I just recently tuned a block plane for use and began playing with it.
Took a few tries to set the blade right but I finally got it cutting
nicely w/o dial indicator. Couldn't get it to stop skipping on maple
but a wrecker suggested going the other way, worked like a charm.
Then I grabbed a scrap of wood and started planing it for practice (I
need a lot). I was amazed! Not that I was able to make curls but by
the way the wood looked. The surface felt smooth and flat but looked
wavy, little shiny undulations and lines were visible everywhere and
this was an SPF 2x4! If this keeps up I may just go plane crazy...
Welcome to the slippery slope! Prepare to watch your cash disappear...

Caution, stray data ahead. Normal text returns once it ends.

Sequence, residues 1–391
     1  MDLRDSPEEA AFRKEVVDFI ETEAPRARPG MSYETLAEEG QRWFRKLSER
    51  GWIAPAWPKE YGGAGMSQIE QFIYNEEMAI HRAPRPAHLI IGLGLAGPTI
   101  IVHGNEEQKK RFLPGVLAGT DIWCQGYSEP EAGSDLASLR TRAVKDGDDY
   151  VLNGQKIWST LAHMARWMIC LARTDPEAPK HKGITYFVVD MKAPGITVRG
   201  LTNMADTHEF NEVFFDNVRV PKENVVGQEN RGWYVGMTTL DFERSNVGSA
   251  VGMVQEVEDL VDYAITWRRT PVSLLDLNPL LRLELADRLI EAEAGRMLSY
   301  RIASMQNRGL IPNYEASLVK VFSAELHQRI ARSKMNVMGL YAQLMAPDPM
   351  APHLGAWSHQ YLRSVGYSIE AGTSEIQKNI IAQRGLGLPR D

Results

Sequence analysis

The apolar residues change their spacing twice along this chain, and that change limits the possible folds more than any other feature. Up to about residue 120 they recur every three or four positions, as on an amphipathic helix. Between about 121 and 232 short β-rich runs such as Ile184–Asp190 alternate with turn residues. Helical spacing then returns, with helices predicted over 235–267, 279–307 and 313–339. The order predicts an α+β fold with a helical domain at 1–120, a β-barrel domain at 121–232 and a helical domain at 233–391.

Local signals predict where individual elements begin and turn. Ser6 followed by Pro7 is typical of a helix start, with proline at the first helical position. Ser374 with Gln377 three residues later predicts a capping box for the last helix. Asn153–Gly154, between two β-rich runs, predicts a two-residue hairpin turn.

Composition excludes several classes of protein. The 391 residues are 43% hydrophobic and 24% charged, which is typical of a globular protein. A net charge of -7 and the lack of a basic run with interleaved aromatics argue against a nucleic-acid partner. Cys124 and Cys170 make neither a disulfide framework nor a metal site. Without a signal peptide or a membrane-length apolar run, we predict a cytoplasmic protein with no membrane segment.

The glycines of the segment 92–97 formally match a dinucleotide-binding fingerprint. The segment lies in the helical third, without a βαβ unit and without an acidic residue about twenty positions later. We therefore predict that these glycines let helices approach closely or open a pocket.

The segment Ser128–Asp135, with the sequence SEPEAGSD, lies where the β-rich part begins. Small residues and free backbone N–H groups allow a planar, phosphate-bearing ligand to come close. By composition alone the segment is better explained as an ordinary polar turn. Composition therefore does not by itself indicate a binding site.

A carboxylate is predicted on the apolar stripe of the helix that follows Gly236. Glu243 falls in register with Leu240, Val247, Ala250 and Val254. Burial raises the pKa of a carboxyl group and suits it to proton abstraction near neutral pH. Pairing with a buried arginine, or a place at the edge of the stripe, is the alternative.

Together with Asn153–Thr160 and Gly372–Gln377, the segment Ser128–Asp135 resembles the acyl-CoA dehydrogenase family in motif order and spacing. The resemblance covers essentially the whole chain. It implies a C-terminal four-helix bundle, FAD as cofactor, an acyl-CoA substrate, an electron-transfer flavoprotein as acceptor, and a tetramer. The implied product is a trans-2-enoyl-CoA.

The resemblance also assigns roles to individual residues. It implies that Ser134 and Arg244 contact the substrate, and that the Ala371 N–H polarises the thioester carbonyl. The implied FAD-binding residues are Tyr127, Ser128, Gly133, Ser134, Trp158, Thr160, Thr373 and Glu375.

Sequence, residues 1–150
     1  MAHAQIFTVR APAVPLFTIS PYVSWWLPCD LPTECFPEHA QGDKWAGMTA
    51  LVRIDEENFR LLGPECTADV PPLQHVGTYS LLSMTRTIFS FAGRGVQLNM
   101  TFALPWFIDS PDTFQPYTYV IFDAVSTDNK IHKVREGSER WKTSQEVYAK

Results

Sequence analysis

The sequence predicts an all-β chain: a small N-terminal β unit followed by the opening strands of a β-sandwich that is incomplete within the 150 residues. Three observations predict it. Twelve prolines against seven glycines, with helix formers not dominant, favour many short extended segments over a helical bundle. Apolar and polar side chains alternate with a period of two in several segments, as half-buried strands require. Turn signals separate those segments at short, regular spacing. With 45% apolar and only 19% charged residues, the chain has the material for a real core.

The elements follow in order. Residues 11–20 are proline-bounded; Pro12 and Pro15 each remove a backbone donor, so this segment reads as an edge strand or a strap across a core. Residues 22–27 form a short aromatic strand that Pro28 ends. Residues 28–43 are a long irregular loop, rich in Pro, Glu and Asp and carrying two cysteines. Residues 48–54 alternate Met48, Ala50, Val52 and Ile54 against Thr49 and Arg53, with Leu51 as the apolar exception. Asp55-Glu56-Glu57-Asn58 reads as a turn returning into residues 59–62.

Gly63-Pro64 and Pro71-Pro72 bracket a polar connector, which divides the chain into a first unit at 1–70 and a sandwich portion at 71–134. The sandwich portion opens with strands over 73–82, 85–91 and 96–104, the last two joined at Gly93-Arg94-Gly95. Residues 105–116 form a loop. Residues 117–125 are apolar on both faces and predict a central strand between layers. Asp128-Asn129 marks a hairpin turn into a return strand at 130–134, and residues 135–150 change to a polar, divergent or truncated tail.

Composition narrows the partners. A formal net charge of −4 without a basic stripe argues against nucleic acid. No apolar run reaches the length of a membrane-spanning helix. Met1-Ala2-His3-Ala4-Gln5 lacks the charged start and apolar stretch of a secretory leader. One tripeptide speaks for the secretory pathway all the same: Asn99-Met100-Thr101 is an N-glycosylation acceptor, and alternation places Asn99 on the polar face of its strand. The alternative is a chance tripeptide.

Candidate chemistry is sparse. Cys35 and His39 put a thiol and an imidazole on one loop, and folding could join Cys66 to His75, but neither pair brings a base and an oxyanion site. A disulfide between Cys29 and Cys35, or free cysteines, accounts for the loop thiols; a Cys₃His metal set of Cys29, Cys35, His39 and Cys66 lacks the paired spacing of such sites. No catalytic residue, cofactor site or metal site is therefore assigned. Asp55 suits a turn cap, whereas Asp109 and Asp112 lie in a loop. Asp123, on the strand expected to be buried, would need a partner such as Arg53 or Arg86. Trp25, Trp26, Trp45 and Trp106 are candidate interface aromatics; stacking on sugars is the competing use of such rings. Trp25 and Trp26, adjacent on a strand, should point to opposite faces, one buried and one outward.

I was just appreciating my low-angle block plane last night, as well
as my shoulder plane trimming some tenons. I was also appreciating how
nice butternut is to work with - this is my first project incorporating
that wood. Nice stuff!
Anyway, glad you're enjoying your plane. You also might want to find
some friends with small furry pets that need bedding, so you have
something to do with all your curly shavings.
A low-angle block plane may still chatter on long grain. Wait 'til you
try a No. 4 or a jack plane.
I've had great luck with cheap Stanley block planes right out of the
box for stuff like putting chamfers on oak balusters. Very handy.
You might also like to try the tiny Stanley trimming plane, aka mini
block plane. Fun as hell for $8. (Someone like Great Neck or Buck
Brothers sells one too, but I can't vouch for it.)
In the interest of science, I just bought a $10 Indian-made No. 4 from
HF. Cap iron? More like crap iron. If I can make this thing work, I'll
come here and gloat about it. If I can't, maybe I'll turn it into the
world's most overbuilt putty knife.
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